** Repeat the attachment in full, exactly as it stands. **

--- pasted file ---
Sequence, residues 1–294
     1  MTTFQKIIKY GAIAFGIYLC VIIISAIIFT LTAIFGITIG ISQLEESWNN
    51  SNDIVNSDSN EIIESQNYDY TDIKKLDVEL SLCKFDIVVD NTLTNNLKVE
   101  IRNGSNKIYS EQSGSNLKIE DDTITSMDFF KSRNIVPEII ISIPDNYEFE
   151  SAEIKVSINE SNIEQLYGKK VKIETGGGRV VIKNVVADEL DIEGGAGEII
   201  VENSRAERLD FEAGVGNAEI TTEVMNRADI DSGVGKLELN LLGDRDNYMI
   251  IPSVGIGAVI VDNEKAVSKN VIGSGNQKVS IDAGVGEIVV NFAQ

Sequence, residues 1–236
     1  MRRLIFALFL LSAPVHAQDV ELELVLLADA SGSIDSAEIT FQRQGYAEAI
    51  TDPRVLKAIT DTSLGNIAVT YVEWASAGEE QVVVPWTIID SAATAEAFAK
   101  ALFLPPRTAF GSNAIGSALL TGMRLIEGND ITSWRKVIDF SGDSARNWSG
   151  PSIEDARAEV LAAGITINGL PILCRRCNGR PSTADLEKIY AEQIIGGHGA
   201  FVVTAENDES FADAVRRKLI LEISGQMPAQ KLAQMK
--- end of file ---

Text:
Sequence, residues 1–294
     1  MTTFQKIIKY GAIAFGIYLC VIIISAIIFT LTAIFGITIG ISQLEESWNN
    51  SNDIVNSDSN EIIESQNYDY TDIKKLDVEL SLCKFDIVVD NTLTNNLKVE
   101  IRNGSNKIYS EQSGSNLKIE DDTITSMDFF KSRNIVPEII ISIPDNYEFE
   151  SAEIKVSINE SNIEQLYGKK VKIETGGGRV VIKNVVADEL DIEGGAGEII
   201  VENSRAERLD FEAGVGNAEI TTEVMNRADI DSGVGKLELN LLGDRDNYMI
   251  IPSVGIGAVI VDNEKAVSKN VIGSGNQKVS IDAGVGEIVV NFAQ

Sequence, residues 1–236
     1  MRRLIFALFL LSAPVHAQDV ELELVLLADA SGSIDSAEIT FQRQGYAEAI
    51  TDPRVLKAIT DTSLGNIAVT YVEWASAGEE QVVVPWTIID SAATAEAFAK
   101  ALFLPPRTAF GSNAIGSALL TGMRLIEGND ITSWRKVIDF SGDSARNWSG
   151  PSIEDARAEV LAAGITINGL PILCRRCNGR PSTADLEKIY AEQIIGGHGA
   201  FVVTAENDES FADAVRRKLI LEISGQMPAQ KLAQMK